Nearly four months after the Arab Spring erupted on the world, only America’s main ally in the region, President Hosni Mubarak of Egypt and pro-Western President Zine El Abidine Ben Ali in Tunisia have been toppled by the millions of people risking their lives for democracy and freedom.

Col. Muammar Qaddafi in Libya, President Bashir Assad in Syria and Yemeni President Ali Abdullah Saleh continue to hold on to power. Any or all of the three of them could still fall. Or, as I warned in columns on this site on April 14 and April 20, Qaddafi and Assad could still retain power.

All the obsessive comment in the U.S. media about President Barack Obama’s supposed face-off with Israeli Prime Minister Benjamin Netanyahu over the former’s suggestion that Israel eventually move back to its 1967 borders proved to be smoke without fire.

The late U.S Army Lt. Gen. William Odom liked to describe such over-hyped, over-publicized public playacting as “Chinese operas” or ritual dragon dances. They were meant to score cheap popular points for both sides and had no meaning otherwise.

What the 1967 US-Israeli “crisis that never was” conveniently did was distract the American and Israeli publics from the grim fact that neither Obama nor Netanyahu has a clue what to do about the changing balance of power in the Middle East that is shifting against both countries by the day.

In Syria, Iran and Hezbollah continue to strongly support President Bashir Assad. If he stays in power with their help, Syria will be even more of a loyal, rock-solid strategic ally of Iran than it has been over the past 30 years and the siege of Israel by extreme Islamist regimes will intensify.

It is still virtually certain that the Muslim Brotherhood or Ikhwan, will emerge from the post-Mubarak chaos in Egypt as the absolute power in that nation of 83 million people.

Obama has not raised a finger to prevent this and Netanyahu blew any opportunity he had to drive Hamas, the Islamic Resistance Movement, out of its stronghold of Gaza because he never dared to defy President Obama. Yet moderate Arab leaders including then-President Mubarak had privately urged him to.

In Libya, U.S. and NATO policies are even more chaotic and even farcical.

The president’s failure to give a strong lead has lead to a massive rise in anti-war sentiment in Congress. That is perfectly understandable as Iraq and Afghanistan continue to be a mess after the multiple failures of our bungled, bipartisan efforts at national building in both countries. Only Gen. David Petraeus’ surge strategy in Iraq shines out as a clear success in a decade of U.S. war policies in the region since 9/11.

Ironically, it would have been vastly easier to sweep Qaddafi out of power from his small, accessible nation of only 8 million people on the southern shore of the Mediterranean than to project power to the most difficult regions of the Middle East and southern Asia in the Iraq and Afghanistan conflicts. But neither professional hawks nor doves in Washington ever seem to have bothered to simply look at a map. Probably, they just don’t know how to find them on Google.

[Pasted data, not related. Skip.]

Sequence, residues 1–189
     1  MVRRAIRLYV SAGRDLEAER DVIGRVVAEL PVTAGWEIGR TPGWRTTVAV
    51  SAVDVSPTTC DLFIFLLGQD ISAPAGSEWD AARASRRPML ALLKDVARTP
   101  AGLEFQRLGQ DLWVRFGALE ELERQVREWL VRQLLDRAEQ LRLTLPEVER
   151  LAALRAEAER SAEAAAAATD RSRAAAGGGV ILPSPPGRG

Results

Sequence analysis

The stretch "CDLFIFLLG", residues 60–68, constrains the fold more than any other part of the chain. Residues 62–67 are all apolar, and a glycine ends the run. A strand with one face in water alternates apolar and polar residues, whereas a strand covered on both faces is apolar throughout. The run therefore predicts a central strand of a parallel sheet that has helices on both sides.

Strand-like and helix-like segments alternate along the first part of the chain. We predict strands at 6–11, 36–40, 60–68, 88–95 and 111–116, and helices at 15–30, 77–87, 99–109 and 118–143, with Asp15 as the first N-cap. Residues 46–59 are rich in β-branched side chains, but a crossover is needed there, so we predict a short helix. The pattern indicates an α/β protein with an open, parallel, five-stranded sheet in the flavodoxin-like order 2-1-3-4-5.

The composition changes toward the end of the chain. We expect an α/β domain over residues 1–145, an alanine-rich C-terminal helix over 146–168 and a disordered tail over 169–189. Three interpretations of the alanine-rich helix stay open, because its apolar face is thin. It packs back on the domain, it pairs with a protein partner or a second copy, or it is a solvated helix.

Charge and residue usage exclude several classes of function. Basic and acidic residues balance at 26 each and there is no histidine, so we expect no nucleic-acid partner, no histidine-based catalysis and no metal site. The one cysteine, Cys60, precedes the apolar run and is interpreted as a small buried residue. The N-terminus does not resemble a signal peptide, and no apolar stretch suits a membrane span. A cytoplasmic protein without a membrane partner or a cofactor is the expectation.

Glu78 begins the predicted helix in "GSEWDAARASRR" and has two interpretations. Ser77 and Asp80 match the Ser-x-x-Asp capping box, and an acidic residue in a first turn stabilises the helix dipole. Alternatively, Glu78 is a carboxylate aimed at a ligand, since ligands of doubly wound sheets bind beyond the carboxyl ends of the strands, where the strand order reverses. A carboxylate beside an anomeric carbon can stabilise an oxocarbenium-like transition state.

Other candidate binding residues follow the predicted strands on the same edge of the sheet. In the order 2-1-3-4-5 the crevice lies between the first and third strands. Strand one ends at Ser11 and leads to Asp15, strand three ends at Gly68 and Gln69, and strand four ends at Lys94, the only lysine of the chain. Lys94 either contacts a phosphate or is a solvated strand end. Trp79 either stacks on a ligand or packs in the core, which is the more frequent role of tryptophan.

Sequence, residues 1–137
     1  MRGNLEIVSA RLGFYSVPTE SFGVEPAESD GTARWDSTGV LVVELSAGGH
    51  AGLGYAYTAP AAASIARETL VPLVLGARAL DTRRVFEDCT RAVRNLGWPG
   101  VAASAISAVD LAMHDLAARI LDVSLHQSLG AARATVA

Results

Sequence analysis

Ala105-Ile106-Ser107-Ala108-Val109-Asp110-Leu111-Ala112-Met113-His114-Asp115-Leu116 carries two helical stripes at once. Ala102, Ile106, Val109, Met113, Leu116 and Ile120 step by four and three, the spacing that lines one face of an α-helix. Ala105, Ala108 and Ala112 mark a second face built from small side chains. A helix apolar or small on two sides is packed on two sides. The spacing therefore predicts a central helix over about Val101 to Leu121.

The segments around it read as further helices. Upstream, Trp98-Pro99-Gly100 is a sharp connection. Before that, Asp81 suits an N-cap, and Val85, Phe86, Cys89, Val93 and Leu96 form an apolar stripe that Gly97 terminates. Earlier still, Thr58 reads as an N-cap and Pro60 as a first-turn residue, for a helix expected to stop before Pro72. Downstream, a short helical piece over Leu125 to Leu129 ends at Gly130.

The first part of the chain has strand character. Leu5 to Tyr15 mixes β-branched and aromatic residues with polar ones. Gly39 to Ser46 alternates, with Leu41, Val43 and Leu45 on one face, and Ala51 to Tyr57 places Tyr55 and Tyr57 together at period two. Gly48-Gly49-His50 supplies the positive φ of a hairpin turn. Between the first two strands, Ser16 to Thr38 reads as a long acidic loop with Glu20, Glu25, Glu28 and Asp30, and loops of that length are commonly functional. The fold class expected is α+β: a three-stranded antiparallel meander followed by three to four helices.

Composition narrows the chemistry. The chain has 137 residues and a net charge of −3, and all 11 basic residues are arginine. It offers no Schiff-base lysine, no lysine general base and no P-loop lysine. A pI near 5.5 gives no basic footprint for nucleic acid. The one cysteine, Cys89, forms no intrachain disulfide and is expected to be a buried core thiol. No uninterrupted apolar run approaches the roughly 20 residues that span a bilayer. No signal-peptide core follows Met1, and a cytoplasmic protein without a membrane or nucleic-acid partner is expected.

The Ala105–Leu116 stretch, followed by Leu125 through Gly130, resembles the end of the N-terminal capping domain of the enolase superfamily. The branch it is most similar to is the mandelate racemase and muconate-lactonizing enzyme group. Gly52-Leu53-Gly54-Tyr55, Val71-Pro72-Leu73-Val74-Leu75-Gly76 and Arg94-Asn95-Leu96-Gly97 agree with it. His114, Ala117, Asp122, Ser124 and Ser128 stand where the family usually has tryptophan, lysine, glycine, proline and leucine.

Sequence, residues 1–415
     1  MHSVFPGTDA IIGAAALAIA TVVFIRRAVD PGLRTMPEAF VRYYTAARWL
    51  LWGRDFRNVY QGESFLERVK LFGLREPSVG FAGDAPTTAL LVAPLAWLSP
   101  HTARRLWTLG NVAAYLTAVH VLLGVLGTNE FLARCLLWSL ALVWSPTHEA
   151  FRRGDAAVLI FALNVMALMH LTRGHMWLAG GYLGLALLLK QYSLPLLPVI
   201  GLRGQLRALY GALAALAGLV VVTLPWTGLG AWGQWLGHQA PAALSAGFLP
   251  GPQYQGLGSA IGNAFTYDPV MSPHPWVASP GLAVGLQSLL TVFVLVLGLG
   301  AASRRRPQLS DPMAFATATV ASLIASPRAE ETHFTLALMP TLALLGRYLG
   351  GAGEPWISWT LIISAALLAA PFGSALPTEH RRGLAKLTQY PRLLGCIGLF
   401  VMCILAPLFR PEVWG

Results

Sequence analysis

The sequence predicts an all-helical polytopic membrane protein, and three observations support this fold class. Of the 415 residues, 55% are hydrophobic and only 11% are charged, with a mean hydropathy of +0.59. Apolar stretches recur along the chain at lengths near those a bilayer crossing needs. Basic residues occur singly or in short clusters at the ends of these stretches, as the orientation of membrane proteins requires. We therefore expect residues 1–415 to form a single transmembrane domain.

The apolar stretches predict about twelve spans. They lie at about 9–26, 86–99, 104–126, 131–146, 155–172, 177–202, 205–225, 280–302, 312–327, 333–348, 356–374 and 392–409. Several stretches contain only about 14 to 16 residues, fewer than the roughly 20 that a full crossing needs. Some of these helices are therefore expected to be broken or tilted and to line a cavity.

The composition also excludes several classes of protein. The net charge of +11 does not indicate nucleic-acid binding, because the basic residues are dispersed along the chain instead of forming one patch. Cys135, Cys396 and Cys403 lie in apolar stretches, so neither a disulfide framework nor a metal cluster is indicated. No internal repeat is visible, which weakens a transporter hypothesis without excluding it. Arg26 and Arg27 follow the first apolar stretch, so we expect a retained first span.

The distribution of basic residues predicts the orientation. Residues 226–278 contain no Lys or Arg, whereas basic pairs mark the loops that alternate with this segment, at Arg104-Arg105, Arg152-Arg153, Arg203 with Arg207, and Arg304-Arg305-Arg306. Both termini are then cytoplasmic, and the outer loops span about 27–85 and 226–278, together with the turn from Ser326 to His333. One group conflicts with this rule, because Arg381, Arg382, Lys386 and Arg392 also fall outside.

Right now, President Qaddafi and his family still have at least an excellent fighting chance to stay in power in Libya. And even if Qaddafi and Assad are toppled, the odds are strong that the Muslim Brotherhood will replace them.

After all, the Brotherhood is going to take power on Libya’s eastern border in far more populous and powerful Egypt, and neither the European nations, nor the Obama administration will dare to try and block a straightforward invasion from Egypt if Cairo’s future masters order it.

In Syria, the Muslim Brotherhood has always been the most popular and credible enemy of the Assad dynasty and their Alawite religious sect and tribal supporters. 

Right now, the best reason to bet on Col. Qaddafi and President Assad staying in power is that so many pontificators who have gotten everything about the Middle East wrong for a generation have been predicting so confidently that they’re bound to fall: We’ll soon see.

As I’ve written before, President Obama deserves full credit for his determination and resoluteness in hunting down Usama Bin Laden. By contrast, as Forbes blogger Steve Denning pointed out, President George W. Bush and his first Defense Secretary Donald Rumsfeld approved the dismantling of the CIA’s operation to hunt down Bin Laden in 2005.

But Obama also blew his chance to support the democratic protests of hundreds of thousands of people in Iran in 2009. Now he’s lost Egypt and he’s blowing his leverage to command or steer events in Libya and Syria as well.

The Arab Spring is therefore no success story for either Obama or Bush II and the democracy-chanting intellectual ideologues who have been urging them both on. It’s making the Middle East far more dangerous for America and its friends than it ever was before.

We went charging into nation-building wars we never had to, and then we went to the other extreme of refusing to use any of our power and influence in our own interest.

No wonder America has become an irrelevant bystander in one of the most important and dangerous parts of the world. And don’t think things will get any better.

To paraphrase a song from Mel Brook’s “The Producers”:

“Springtime, for Iran in the Middle East
“Winter, for America and Israel.”

Martin Sieff is former Managing Editor, International Affairs of United Press International. He is the author of “The Politically Incorrect Guide to the Middle East.”